Homemade Bagels! Montreal Style

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I’ve never been good with yeast. To this day my cinnamon buns are always extremely dense and as hard as your pet rock. It’s the rising. It’s always been the rising. There’s never enough heat, or dry days and there is always, always that one thing called impatience.

But on this day, that is not the case! This day I have done it! I have ‘risen’ to the occasion and have made bagels that actually worked! This is how I did it.

You see, there is this lovely method I came across called ‘slow rising’, better known as ‘rising over night in the fridge’. After more research, I learned that some people swear by this method and say you can never get as good a flavour by rising it in a warm place for a few hours. Excited that I may actually be able to create a yeast baked good without it turning into a brick, I pulled out this recipe and went for it.

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I made the dough the day before baking andΒ to my surprise,Β within an hour, the dough had already doubled in size. At this point there was a moment where I was afraid the dough would rise too much, or rise so much that it would fill the entire fridge and we would have to eat bagels for a month. Don’t worry, it was only a moment.

Hours later, boiling and baking were complete and I was receiving my families approval through full mouths. We had a delicious breakfast if I may say so myself. I can’t wait to make more bagels. Maybe I should make them cinnamon raisin! Or all whole wheat! Oh, I’m excited.

These bagels are imperfect perfection. They look a little rough around the edges, but are so worth it and super simple!

I left for work this morning with one bagel left, and came back and it had disappeared. I think that’s a good sign.

Montreal Style Bagels-makes 6 large or 10 medium sized bagels

Feel free to swap the whole wheat flour and all-purpose quantities. I’ve made both versions, and they both worked out magnificent!

  • 1 cup whole wheat flour
  • 2 1/4 cups all purpose flour
  • 2 tb quick rising yeast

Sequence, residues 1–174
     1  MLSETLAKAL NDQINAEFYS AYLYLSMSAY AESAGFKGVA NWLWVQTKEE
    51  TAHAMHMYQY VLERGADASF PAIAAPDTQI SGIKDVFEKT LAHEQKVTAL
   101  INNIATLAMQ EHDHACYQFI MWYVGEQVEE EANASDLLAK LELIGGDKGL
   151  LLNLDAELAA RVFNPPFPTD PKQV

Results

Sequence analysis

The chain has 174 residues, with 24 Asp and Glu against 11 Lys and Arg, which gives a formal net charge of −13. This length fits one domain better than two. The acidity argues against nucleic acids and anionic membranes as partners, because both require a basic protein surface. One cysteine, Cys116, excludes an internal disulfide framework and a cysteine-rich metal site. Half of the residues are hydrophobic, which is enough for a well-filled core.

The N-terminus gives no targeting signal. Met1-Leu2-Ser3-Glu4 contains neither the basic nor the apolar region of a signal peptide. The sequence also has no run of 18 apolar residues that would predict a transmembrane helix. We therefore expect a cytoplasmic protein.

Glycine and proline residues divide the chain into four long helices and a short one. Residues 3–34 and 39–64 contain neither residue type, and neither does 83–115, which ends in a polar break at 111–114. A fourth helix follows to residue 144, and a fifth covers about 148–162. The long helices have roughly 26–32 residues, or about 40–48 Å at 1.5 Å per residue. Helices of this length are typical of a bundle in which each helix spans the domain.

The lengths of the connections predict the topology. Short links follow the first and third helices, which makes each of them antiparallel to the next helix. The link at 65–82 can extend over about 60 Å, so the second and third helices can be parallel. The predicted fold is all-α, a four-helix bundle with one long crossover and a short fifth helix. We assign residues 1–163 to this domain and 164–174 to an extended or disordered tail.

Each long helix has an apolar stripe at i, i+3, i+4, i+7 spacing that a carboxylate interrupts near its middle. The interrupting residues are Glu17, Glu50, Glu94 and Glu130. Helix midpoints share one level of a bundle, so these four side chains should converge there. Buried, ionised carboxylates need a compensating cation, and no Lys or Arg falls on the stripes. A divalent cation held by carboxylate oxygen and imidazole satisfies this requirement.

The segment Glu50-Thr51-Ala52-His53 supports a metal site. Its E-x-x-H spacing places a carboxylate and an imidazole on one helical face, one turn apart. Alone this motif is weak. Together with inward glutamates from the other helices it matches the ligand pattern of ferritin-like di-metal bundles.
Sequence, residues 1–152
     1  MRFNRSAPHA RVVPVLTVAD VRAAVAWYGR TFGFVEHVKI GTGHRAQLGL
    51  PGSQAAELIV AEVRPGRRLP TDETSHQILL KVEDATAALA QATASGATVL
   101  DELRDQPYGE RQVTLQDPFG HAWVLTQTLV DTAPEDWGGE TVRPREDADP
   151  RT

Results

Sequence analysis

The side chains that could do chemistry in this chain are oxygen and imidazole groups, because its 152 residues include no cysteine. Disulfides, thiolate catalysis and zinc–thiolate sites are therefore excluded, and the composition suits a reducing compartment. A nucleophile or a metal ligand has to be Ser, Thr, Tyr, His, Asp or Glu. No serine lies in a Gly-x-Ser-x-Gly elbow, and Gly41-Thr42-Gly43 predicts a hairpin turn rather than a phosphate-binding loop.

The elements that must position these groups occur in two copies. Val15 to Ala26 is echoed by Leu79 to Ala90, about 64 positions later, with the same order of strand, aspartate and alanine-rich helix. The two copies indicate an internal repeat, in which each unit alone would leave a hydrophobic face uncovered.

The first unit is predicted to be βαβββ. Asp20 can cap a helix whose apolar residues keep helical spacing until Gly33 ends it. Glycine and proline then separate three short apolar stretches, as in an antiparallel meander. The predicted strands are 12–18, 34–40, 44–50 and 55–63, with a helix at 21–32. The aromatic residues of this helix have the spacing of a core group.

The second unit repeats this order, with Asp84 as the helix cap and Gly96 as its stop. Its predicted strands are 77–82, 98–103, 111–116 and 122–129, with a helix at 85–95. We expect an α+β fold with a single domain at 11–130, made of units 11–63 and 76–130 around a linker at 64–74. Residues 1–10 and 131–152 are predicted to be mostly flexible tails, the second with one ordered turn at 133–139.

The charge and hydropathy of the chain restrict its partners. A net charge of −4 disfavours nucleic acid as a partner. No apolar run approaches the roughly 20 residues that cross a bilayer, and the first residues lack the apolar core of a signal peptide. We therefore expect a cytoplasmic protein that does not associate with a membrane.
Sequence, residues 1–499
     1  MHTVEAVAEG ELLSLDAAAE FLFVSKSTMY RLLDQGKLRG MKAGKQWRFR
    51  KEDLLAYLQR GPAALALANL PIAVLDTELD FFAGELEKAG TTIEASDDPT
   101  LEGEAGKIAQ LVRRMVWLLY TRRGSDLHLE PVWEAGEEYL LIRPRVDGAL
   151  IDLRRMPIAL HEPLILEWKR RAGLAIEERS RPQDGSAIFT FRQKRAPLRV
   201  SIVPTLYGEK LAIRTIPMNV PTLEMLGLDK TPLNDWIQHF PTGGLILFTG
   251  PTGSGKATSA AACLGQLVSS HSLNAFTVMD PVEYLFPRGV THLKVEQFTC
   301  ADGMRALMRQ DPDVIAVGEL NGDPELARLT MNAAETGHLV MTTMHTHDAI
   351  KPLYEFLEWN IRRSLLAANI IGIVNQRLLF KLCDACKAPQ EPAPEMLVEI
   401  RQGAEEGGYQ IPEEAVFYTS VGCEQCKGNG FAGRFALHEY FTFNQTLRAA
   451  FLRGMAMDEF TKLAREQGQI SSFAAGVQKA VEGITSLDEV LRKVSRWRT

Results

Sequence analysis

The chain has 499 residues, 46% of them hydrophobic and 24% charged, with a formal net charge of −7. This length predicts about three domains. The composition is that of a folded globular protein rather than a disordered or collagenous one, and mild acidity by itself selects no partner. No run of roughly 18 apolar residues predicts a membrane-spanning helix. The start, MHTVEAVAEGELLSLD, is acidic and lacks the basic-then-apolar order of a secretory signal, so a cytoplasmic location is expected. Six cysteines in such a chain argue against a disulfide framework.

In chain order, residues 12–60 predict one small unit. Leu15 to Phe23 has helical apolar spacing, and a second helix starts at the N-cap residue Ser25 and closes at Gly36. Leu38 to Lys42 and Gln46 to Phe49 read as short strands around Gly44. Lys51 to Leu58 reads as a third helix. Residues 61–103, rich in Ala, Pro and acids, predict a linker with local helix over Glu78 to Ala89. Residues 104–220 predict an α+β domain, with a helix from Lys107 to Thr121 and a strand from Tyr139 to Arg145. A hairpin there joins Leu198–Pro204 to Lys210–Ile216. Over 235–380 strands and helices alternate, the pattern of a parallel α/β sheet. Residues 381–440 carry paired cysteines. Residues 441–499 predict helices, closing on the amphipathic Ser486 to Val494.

• 2 tb granulated sugar
  • 2 tsp salt
  • 2 eggs, slightly beaten
  • 1 cup warm water
  • 2 tb vegetable oil

Day 1

In a large bowl combine flour, yeast, sugar and salt.
In another bowl combine egg, water and oil.
Add the wet ingredients to the dry and mix together. If dough is quite sticky, add more flour.
Turn out dough onto lightly floured surface and knead for 5-10 minutes. If dough is still sticky, add more flour while you knead. The goal is for the dough to be pretty smooth, springing back slowly after pressing a finger into it.
Place in a large greased bowl and grease all sides and top of the dough.
Cover with a towel and set aside, let rise for 15 minutes.
Cover bowl in saran wrap and place in the fridge overnight.

Day 2

  • 3 tb granulated sugar
  • 1 egg
  • sesame or poppy seeds

Punch dough down; turn onto lightly floured surface and knead a few times.
Divide the dough into six pieces; roll each piece into a ball and poke a large whole in the middle with your thumb. Shape it into a bagel like shape, remembering that it will puff up and become larger.
Place on a parchment lined baking sheet, cover and let rise in a draft free place for 15 minutes.
In the meantime, preheat oven to 400 degrees F.
Time to poach!
Fill 3/4 of a medium sized pot with water and bring it to a boil. Reduce heat to medium and stir in granulated sugar.
Slip bagels into the water, 2 at a time, and cook for 1 minute. Turn the bagel over using tongs and cook for 1 more minute. Place onto parchment lined sheet using tongs or a slotted spoon. Repeat with the rest of the bagels
Whisk egg in a small bowl and brush it onto the bagels. Sprinkle with poppy or sesame seeds. Don’t be afraid to use a lot!
Bake for 25-30 minutes or until golden brown and when you flip the bagel over and tap it, it sounds hollow.
Remove from pan and let cool for a few minutes on a wire rack.

Enjoy! I’m sure you will πŸ™‚

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